🔼Thunder, Shields and Rivers of Light
In Greek mythology, thunder and lightning were the twin goddesses Astrape and Bronte, whose primary job was to bear Zeus' shield. Rather significantly, when the Logos (the Word of God) first engaged mankind, his first words were: "Do not fear, Abram, I am a shield to you" (Genesis 15:1).
As we point out in our article on λεον (leon), meaning lion: when large predators circle the herd, the core of the herd is the safest place. The observation of this by our remote ancestors probably set our kind onto the road to animal husbandry. The ubiquitous noun צאן (so'n) means flock. The related noun צנה (sinna), denotes a large shield that covered the whole body.
Greek theologians further deducted that father Zeus had obtained his signature thunderbolts from three grateful Cyclopes. The word Cyclops appears to technically derive from the verb κλεπτω (klepto), to steal (specifically cattle), but obviously to everybody came to strongly resemble the words κυκλος (kuklos), circle, and ωψ (ops), eye. The corresponding Hebrew word for round-eye is En-eglaim, which also means Fountain of Calves, as an obvious nod to the Cyclopes' origin as cattle thieves. The name En-eglaim occurs only in Ezekiel's spectacular vision of the River from the Temple (Ezekiel 47:9-10, see Revelation 22:1, also see the noun δικτυον, diktuon, fishing net), and see our article on the name Tigris for the significance of rivers in the Bible.
Significant to our present story, one of Zeus' three Cyclopes was called Brontes, meaning Thunderer (his name Βροντης, brontes is identical to the genitive of βροντη, bronte, used in Mark 3:17; nobody in Mark's original audience would have missed this). Further extrapolations demanded that either Zeus or his son, the Silver-Bowed Apollo, eventually killed the Cyclopes, which posed a continuity problem because earlier traditions had declared that the Cyclopes were immortal. To solve this paradox, the theologian Pherecydes gave the Cyclopes mortal sons, into whom their qualities transferred (a familiar mechanism that also explains much of Jesus' human nature), and whom the greater powers could conveniently dispense with (see the same story told in Matthew 21:33-41, albeit from the perspective of the truly Highest God, unknown to the Greeks but obviously suspected to exist: Acts 17:23).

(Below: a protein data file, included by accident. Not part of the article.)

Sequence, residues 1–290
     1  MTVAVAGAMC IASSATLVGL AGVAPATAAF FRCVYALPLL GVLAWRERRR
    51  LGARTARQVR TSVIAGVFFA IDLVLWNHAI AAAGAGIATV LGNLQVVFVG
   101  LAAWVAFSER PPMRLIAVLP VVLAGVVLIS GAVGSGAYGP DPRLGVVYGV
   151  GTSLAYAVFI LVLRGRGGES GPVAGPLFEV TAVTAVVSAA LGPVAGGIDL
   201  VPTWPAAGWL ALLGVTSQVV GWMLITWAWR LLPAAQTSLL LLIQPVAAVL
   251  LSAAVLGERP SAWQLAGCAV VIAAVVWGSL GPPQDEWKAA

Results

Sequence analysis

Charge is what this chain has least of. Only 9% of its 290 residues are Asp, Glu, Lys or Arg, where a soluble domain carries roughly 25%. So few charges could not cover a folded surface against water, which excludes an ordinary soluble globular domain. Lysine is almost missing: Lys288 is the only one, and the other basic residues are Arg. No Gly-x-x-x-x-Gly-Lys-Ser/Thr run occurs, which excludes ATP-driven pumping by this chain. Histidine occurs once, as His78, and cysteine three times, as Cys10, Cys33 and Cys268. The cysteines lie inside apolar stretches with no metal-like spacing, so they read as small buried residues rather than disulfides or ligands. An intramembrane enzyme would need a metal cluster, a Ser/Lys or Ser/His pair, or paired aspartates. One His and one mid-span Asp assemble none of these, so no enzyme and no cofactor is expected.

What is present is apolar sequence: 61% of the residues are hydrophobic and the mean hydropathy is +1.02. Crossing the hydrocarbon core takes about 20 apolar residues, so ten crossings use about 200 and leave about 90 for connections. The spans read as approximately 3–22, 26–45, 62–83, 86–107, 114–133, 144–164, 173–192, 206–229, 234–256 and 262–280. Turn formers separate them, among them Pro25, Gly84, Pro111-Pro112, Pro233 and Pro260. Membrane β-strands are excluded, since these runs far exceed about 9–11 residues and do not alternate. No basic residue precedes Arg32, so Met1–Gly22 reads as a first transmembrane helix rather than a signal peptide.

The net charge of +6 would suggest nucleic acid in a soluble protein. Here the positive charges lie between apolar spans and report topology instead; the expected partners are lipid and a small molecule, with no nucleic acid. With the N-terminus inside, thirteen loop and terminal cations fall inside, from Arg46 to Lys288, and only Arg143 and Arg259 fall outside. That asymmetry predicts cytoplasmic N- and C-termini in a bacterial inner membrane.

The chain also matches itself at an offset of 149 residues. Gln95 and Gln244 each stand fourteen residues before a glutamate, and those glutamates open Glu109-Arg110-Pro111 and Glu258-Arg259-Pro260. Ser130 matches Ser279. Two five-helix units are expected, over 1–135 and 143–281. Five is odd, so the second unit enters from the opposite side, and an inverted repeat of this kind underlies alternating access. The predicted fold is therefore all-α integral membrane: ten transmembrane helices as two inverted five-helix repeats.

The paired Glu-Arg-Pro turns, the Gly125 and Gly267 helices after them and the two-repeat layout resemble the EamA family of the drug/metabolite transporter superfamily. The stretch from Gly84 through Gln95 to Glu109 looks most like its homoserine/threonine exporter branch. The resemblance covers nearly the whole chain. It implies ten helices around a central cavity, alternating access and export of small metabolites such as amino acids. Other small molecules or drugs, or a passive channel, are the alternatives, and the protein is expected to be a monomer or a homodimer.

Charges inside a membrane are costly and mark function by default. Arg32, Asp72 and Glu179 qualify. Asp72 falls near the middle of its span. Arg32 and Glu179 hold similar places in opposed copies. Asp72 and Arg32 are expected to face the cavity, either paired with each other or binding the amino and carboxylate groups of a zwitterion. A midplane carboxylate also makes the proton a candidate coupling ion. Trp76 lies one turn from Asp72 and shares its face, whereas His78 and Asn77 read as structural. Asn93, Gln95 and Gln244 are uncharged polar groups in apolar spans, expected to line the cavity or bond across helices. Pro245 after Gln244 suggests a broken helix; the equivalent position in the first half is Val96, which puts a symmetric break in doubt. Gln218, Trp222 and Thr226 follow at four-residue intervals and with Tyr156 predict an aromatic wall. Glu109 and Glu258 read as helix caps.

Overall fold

And that means that the Sons of Thunder were not simply some isolated Jewish sect, but a very specific one, namely the embodiment of an intellectual mechanism that forced death to and transcendence of the legacy of the Cyclopes. Said simpler: the Sons of Thunder aimed to be the thunderous entourage of a silver arrow from a silver bow, to Greek mythology what the Nazarene would be to the Mosaic tradition — see Job 38:7, and note that the name Orthrus equals the noun ορθρος (orthros), which describes the time just before morning. The Greek hero Heracles killed the dog Orthrus, in order to liberate a herd of mythical cattle. We'll return to the great Heracles further below, but for the Biblical take on mankind's celebrated liberation from the bondage of the natural cycles, see our article on the name Sabbath.
Luke tells how Jesus expanded upon Isaiah by proclaiming freedom to the captives (Isaiah 61:1-2) plus sight to the blind (Luke 4:18). His audience obviously heard the link with the name Homer, which means both Blind Man and Captive, and decided to drive Jesus up the hill to throw him off. But the Jewish custom for dealing with blasphemers was to stone them to death; throwing people off mountains was a pagan thing. When they finally got to the top, Jesus simply turned around and walked back down. To literally everybody in those days, this would have been an obvious retelling of the story of Sisyphus, who was condemned to eternally push a rock up a hill only to see it roll back down again each time.
🔼The wind blows where it wishes
Luke explains all this further in a story that is very obviously more metaphor than history: in the days leading toward Jesus' ascension — right after his transfiguration (Luke 9:28), the healing of the demoniac boy (see our article on Paphos), the argument about who might be the greatest (Luke 9:46), and John's astonishing but crucial observation that not everybody who expels demons in Jesus' name is necessarily part of the obvious cluster of followers of Jesus (Luke 9:49-50) — Jesus set his face toward Jerusalem (Luke 9:51). Ahead of him he sent messengers, and the word for messenger is αγγελος (aggelos), angel (see Exodus 23:23).
They arrived in a village of the Samaritans, and although Samaria was a proper region, it also represented quintessential Un-Jewishness, which in Jesus' days was pretty much equal to Greekness. When the Samaritans declined to extend their hospitality to Jesus and company, James and John offered to command fire to come down from heaven, clearly with a nod to Elijah's battle with the Baal priests (1 Kings 18:24). Jesus responded by saying: "You don't know what kind of spirit you are of, for the Son of Man did not come to destroy men's lives but to save" (compare Luke 9:55-56 to John 3:16-21), after which they went to another village.
The key to all this is what Paul writes in 2 Corinthians 3:17: The Lord is the Spirit, and where the Spirit of the Lord is, there is ελευθερια (eleutheria), or freedom-by-law: the kind of freedom that comes from the mastery of rules (freedom to say whatever depends on mastery of and adherence to the rules of one's language; freedom to jam with friends depends on the mastery of and adherence to the rules of music and one's instruments; freedom to drive one's car anywhere depends on everybody sticking to the rules that prevent traffic from becoming utter grid-locked chaos).